where p(θ) and p(πl) are prior distributions, p(D|θ,πl,πc) acts as the likelihood, and p(θ,πl|D,πc) is the posterior. The posterior distribution summarizes all information contained in the observations and the prior about θ and πl. Unfortunately, solving the integral in the denominator appears to be analytically intractable such that the posterior cannot be computed in closed form. Even if we could compute the posterior, the distribution would be of a nonstandard type, and we would be unable to work with it analytically. We therefore have to use approximative techniques to describe the information presented by the posterior. 
Point estimates and confidence intervals
The most simple approximation to the information represented by the posterior distribution is to state a single point estimate of the true parameter values. In the Bayesian framework, choosing a point estimate is considered a decision problem in which the decision maker minimizes an expected risk, where the expectation is taken with respect to the posterior distribution (Jaynes, 2003). The risk function characterizes the loss associated with a discrepancy between the point estimate and the unknown true parameter value. For example, the expected absolute error is minimized by the median of the posterior distribution (MED). Likewise, minimizing the expected squared error leads to choosing the mean of the posterior (MEAN). 
The mode of the posterior, which will be referred to as the maximum a posteriori (MAP) estimate, is obtained for a loss function, which is zero if the estimate and the true value match exactly and 1 otherwise. In the binomial mixture model, assuming the psychometric function is differentiable, gradient-based methods can be used to find the MAP point estimate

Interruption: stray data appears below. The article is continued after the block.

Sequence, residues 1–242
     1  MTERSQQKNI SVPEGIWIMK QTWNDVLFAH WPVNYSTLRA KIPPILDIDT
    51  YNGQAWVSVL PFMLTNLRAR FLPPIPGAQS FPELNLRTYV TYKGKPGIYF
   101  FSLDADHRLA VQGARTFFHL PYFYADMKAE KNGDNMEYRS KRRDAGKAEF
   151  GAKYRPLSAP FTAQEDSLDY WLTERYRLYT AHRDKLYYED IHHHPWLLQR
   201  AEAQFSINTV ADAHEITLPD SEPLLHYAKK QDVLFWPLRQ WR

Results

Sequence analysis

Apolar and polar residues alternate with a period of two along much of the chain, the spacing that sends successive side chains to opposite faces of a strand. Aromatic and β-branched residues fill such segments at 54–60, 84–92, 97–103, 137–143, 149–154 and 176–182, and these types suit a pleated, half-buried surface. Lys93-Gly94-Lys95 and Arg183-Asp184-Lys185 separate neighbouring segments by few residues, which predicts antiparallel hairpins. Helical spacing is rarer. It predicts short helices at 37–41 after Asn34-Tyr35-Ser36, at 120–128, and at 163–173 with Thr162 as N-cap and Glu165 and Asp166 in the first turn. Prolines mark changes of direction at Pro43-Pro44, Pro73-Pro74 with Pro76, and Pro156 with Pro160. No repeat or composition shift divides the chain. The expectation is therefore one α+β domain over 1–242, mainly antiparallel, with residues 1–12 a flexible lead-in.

(5)
 
If the prior p(θ)p(πl) is taken to be constant (i.e., a flat prior), the maximum likelihood (ML) estimator is derived as a special case. 
Another simple approximation technique is Laplace’s method, by which the posterior is approximated by a Gaussian distribution that is found by a second-order Taylor expansion around the mode. This method is applicable in the proposed setting but the approximation might be poor. An obvious drawback is that the approximation is symmetric and fitted locally around the mode but can be poor in approximating the tails of the posterior. We therefore do not consider this method in the following. 
The posterior distribution represents the remaining uncertainty after having seen the data. An obvious problem is that any notion of uncertainty or confidence is lost when only point estimates are stated. A convenient way of expressing how narrowly a parameter is determined is to state confidence regions. Given a confidence level γ∈(0,1), the notion of a confidence region is conceptually different in frequentist and Bayesian statistics (DeGroot & Schervish, 2002). 
In the Bayesian framework, it is valid to define a γ confidence region simply as a region in which the true parameter values are believed to lie with probability γ. This can be stated because the parameters are random variables, and we can express our degree of belief for any statement regarding the parameters by evaluating the statement under the posterior distribution. 
In frequentist statistics confidence regions are constructed and interpreted differently. In this setting, the region itself is a random variable that contains the true parameter value with probability γ. This means that if the experiment is repeated infinitely many times, the proportion of computed regions containing the true value would be γ. For a particular data set, it is not possible to state a probability assignment that the true parameter lies in a computed confidence interval.